A portfolio refers to an investor or an institution’s total investments that consist of investment accounts and particular investments including financial assets like bonds, real estate, stocks, mutual funds, and other kinds of securities.

There are different kinds of portfolios. The most common types include aggressive portfolios, defensive portfolios, income portfolios, and socially responsible portfolios.

Aggressive portfolios are suitable for people who can tolerate high risks, especially young investors with long-term goals. Aggressive portfolios mostly contain stocks. Some people with an aggressive portfolio also prefer stocks of newly emerged companies. While these companies may bring about more gains, they are also likely to perform poorly or even go bankrupt.

Defensive portfolios, also called conservative portfolios, are for those with a low-risk tolerance. A defensive portfolio may hold more bonds than other securities. Mutual funds are often involved in this type of portfolio.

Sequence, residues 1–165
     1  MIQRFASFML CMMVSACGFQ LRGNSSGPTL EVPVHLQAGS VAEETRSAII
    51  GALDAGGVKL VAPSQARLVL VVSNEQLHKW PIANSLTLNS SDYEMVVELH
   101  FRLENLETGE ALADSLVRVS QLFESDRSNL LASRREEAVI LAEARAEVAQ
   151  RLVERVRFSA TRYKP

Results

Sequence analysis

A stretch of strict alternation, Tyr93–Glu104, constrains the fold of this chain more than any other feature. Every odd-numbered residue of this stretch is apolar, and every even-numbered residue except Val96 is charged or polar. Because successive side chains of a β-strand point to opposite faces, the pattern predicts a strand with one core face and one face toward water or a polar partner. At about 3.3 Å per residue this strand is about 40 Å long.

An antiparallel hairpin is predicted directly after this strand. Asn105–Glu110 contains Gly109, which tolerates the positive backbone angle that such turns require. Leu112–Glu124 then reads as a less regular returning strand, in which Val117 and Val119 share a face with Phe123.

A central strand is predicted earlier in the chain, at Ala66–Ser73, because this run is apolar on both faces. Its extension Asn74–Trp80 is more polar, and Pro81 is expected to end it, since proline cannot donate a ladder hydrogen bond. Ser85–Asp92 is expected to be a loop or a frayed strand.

Income portfolios mostly contain assets that produce income. This type of portfolio is recommended for those retirees who need the investments as income after they stop working. Bonds and dividend-paying stocks are usually held in this portfolio.

Socially responsible portfolios not only help investors generate returns, but also take environmental, social, and governance factors into consideration.

What to consider when building a portfolio?

When you are building a portfolio, you should consider both the diversification and risk tolerance.

Diversification plays a critical role in building a portfolio. You should widely spread your money and try to invest in different companies, industries, and regions so that you do not have to rely too heavily on a single asset. This can help you reduce risk and cope with market volatility better.

Risk tolerance refers to investors’ ability to cope with the market turbulence both financially and emotionally. If you have a long-term goal, you can endure high risks because you have the time and chances to rebound from losses. If your goal is to get returns within several years, you may try to reduce your risk.

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